How companies fight sweatshops
Global brands are stepping in to monitor working conditions at factories --but producing real change isn't easy.
By Marc Gunther, FORTUNE senior writer

NEW YORK (FORTUNE) - When The Walt Disney Co. was accused of condoning sweatshop conditions in China, the story made headlines and the company swung into emergency-response mode.

Disney (Research) hired a non-profit group called Verite to investigate conditions in several factories operated by its suppliers in China's Shenzhen province. When two of the factory owners refused to cooperate, the company stopped doing business with them.

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Disney and Verite worked with managers and workers at the remaining factories to improve safety conditions, create a worker helpline and inform employees of their legal rights.

"Disney and the factories absolutely took the issue seriously," says Daniel Viederman, executive director of Verite, which seeks to promote safe, fair and legal working conditions.

Sweatshop accusations invariably get attention. The charges against Disney were made last August by an activist group called the National Labor Committee, which said the company's suppliers employed child labor under dangerous conditions. They were covered by CNN, The New York Times, Reuters and the BBC, among others.

Not nearly as well known is the rest of the story, which may be more surprising: Brand-name companies like Disney, Gap (Research) and Nike (Research) are expending considerable effort and money to try to improve working conditions along their supply chains.

This is noteworthy because, in an ideal world, they would not have to worry about how their suppliers conduct themselves in faraway lands. Governments, not U.S. companies, are supposed to enforce labor laws and protect their citizens. But the governments of countries ranging from China, India and Indonesia to Columbia, Mexico and Brazil have proven to be either uncaring, corrupt or inept, leaving workers vulnerable. The result is that global brands have stepped in to do the job.

Some turn for help to Verite, an 11-year-old NGO based in Amherst, Mass., which has become expert at auditing factories and consulting with companies to improve conditions. The organization has the equivalent of about 40 employees, offices in China, India, the Philippines, Bangladesh and Bolivia and relationships with local nonprofits.

Besides investigating suppliers for Disney, Verite has analyzed Gap's extensive system of factory monitoring, conducted audits for footwear firm New Balance and consulted with institutional investors, notably California's state pension funds. Its clients also include Timberland and Eileen Fisher, smaller firms with strong commitments to social responsibility.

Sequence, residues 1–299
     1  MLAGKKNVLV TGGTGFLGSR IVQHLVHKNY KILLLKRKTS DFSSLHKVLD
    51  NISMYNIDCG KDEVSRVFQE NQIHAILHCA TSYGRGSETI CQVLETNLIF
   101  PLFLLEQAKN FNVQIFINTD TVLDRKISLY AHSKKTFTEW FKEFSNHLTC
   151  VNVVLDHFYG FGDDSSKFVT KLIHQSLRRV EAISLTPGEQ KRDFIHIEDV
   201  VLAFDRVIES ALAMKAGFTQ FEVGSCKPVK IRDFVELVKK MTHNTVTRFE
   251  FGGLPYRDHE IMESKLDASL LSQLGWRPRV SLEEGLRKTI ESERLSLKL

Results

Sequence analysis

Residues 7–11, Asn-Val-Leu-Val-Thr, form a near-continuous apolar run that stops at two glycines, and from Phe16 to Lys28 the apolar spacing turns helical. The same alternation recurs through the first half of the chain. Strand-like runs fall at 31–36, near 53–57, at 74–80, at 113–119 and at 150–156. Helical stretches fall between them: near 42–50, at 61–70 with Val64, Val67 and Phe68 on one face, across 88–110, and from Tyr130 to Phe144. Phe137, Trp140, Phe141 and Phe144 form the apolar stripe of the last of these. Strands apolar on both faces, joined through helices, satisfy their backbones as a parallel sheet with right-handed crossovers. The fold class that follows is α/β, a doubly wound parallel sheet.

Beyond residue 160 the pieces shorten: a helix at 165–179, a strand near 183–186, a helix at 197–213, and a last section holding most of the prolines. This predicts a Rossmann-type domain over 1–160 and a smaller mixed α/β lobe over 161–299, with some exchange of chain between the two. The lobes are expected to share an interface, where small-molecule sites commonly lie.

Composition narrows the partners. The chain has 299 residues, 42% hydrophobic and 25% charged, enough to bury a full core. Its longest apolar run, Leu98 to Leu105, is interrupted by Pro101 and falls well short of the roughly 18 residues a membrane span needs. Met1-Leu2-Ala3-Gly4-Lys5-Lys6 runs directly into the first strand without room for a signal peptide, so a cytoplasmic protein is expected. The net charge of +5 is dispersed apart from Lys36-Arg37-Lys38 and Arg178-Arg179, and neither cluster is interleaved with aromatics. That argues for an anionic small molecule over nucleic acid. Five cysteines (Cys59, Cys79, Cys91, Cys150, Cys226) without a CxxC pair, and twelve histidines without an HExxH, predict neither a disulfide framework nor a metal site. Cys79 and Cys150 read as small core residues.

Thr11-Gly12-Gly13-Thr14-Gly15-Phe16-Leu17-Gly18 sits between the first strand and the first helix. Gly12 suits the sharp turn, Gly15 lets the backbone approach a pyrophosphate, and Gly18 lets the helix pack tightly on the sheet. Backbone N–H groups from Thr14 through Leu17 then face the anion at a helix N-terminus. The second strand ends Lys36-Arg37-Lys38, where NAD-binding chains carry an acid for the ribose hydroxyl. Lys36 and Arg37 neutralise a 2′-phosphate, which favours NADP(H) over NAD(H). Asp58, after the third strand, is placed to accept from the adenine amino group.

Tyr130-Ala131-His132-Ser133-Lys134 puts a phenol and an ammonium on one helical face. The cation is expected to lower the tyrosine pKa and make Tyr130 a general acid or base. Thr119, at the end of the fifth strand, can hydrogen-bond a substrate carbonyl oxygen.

Like Disney, Gap focused on labor conditions in its supply chain after activist campaigns. In recent years, the company built one of the most extensive and transparent factory-monitoring efforts of any U.S. brand. Gap has 92 full-time employees who work on factory compliance, and its annual Social Responsibility Report provides a lot of detail about what they find and how violations are handled. Gap revoked the approval of 70 factories for compliance violations in 2004, about 2.6 percent of its total.

Probably the single biggest reason that companies like Gap, Disney and Nike monitor working conditions is that they want to protect their brands from attack. When the National Labor Committee took on Disney, its director, Charles Kernaghan, stood outside a Disney store on Fifth Avenue, waving a Little Mermaid sticker book, and saying: "Would the American people ever associate this book with crushed fingers?"

But the companies have also found that improved working conditions in their supply chain can be good for business. Factories that treat workers fairly are more likely to be productive and to ship goods on time.

"To me, it's common sense," says Dan Henkle, senior vice president for social responsibility at Gap. "If people are treated better, with dignity and respect, they are going to be happier and more productive and less likely to leave the factory. If you can reduce turnover, you can really impact quality."

Gap and Nike, which was burned by sweatshop accusations in the mid-1990s, have become industry leaders when it comes to monitoring their supply chains. While the footwear and apparel industries have led the way, electronics and jewelry companies have also begun to tackle their supply-chain issues. In Turkey and Cambodia, U.S. brands, labor groups and nonprofits have formed coalitions to more effectively monitor labor conditions.

Other companies, however, have lagged behind. Wal-Mart (Research), Target (Research) and Federated Department Stores (Research), which owns Macy's, publish codes of conduct but critics say their auditing efforts are not as stringent, effective or transparent as those of the leading brands. Verite's audits, as an example, always include private interviews with workers away from the shop floor, where workers can speak more openly about conditions; most companies are not as rigorous.

Verite's Daniel Viederman, who lived in China for 10 years, says he has mixed feelings about the effectiveness of U.S. companies' factory-monitoring efforts.

"Awareness has been raised," he says. "You can't go around southern China and talk to factory owners and managers and find one who doesn't know what a code of conduct is."

On the other hand, he says, "It's very difficult to difficult to point to real change at the factory level, right now. There are endemic problems that are very difficult to crack."

In the long run, local governments and NGOs will have to step in. Meanwhile, next time you hear about third-world sweatshops, be aware that at least some U.S. firms are doing what they can to stamp them out. Top of page